There seems to be no slowing down our collective demand for the Internet. For everything from shopping to banking to entertainment to keeping in touch with loved ones, we have grown more reliant than ever on this global network.

This becomes especially apparent during times of crisis such as the recent pandemic, calamities, and other emergencies, when traffic tends to spike.

Inevitably, this massive demand leads to glitches, slow speeds, and failures, which need to be addressed to keep the network functioning at optimal levels.

This constant improvement of the Internet is where Nagaoka University of Technology’s Prof. Kohei Watabe’s heart, passion, and academic specialization lie.

Prof. Kohei Watabe of Nagaoka University of Technology’s Communication Networks Laboratory.


Prof. Watabe was born in Saitama, a prefecture north of Tokyo. He has since moved to Osaka, and later to Nagaoka.

In 2009, he graduated from the Faculty of System Design at Tokyo Metropolitan University.

It was here where he met his mentors, and possibly, where his profound interest on the Internet was stirred.

He completed the master’s program at the Graduate School of System Design at Tokyo Metropolitan University in 2011. At Osaka University’s Graduate School of Information Science and Technology in 2014, he completed his doctorate.

Currently, he is associate professor at the Graduate School of Engineering at Nagaoka University of Technology.

At NUT, the research lab works towards “realizing ultra-reliable networks and a communication infrastructure that can be used with peace of mind.”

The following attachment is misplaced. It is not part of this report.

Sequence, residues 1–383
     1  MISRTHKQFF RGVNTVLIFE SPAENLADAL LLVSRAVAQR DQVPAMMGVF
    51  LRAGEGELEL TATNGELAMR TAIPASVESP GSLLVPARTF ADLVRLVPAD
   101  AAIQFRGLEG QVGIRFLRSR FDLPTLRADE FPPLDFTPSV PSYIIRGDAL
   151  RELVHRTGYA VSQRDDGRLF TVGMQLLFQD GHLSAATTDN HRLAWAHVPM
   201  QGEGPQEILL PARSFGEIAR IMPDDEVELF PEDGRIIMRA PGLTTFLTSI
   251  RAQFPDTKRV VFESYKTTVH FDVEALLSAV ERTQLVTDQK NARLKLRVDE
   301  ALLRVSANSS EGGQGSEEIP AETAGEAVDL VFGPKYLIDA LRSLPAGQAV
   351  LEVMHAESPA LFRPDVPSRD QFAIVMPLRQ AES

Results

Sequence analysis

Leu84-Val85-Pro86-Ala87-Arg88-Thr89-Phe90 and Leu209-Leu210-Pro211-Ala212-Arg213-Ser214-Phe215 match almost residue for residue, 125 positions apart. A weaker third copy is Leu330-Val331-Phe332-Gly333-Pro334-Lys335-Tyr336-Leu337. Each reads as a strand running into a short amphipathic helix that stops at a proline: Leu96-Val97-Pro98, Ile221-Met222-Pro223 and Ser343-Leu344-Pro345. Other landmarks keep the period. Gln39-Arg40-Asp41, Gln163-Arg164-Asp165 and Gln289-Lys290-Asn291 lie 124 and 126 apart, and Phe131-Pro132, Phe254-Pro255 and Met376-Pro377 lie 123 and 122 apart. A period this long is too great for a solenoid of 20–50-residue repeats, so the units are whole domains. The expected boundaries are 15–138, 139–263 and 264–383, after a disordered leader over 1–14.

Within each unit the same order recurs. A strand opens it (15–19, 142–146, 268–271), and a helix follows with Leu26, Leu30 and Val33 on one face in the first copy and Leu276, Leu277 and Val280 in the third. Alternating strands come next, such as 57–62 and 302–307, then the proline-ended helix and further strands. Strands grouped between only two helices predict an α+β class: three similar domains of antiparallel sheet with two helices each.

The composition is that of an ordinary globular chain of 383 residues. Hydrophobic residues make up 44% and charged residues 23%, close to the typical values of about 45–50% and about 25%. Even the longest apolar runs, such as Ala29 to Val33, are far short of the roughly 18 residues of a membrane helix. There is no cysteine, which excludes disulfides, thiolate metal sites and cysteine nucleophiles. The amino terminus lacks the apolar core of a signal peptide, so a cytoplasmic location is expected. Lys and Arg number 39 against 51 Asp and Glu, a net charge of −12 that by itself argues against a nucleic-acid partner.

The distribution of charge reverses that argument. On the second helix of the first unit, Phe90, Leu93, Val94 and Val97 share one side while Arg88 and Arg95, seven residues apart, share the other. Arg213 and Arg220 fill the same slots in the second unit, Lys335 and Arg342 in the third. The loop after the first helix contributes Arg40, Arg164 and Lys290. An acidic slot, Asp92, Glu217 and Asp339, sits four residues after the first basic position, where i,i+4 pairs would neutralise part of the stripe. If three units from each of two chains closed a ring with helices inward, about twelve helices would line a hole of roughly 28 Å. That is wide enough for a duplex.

In particular, said lab focuses on of scalability, reliability, and resiliency, in researches on high-precision quality measurement, simulation technology, and black box modeling—aspects in which Prof. Watabe and his chosen field of study show deep interest.

Research conducted at the Communication Networks Laboratory. Source: ComNets Lab

Improved Internet

In a nutshell, Prof. Watabe believes that there should be continuous effort to improve the quality of the Internet.

He anticipates that the heavy consumption and demand will continue to lead to fluctuations and give rise to negative impacts on the quality of the network.

Thus, he suggests that technologies for detecting failure and traffic congestion as well as preventing the loss of valuable information should be developed as measures to respond to these significant issues.

This aligns with his studies on fluctuations and network performance.

For example, he pointed out that poor network quality affects the educational process in a remote learning setup, which relies heavily on technologies such as video conferencing, and at the same time demands a high network quality.­­

Prof. Watabe explains how a slow Internet and intermittent Internet connection can affect the overall online experience. Source: NUT

One step at a time

Prof. Watabe envisions the improvement of the Internet to be a step-by-step process.

Step one, necessarily, is data generation.

“Data science is an attractive topic for many researchers,” according to Prof. Watabe, “and one that has numerous practical applications.”

Data science can, for instance, minimize traffic congestion if used by the government in road plans.

If the government plans to build a new road, we can analyze how many people can possibly use that road. This can be determined before the construction starts, based on the network data.

Prof. Kohei WatabeAssociate Professor, Nagaoka University of Technology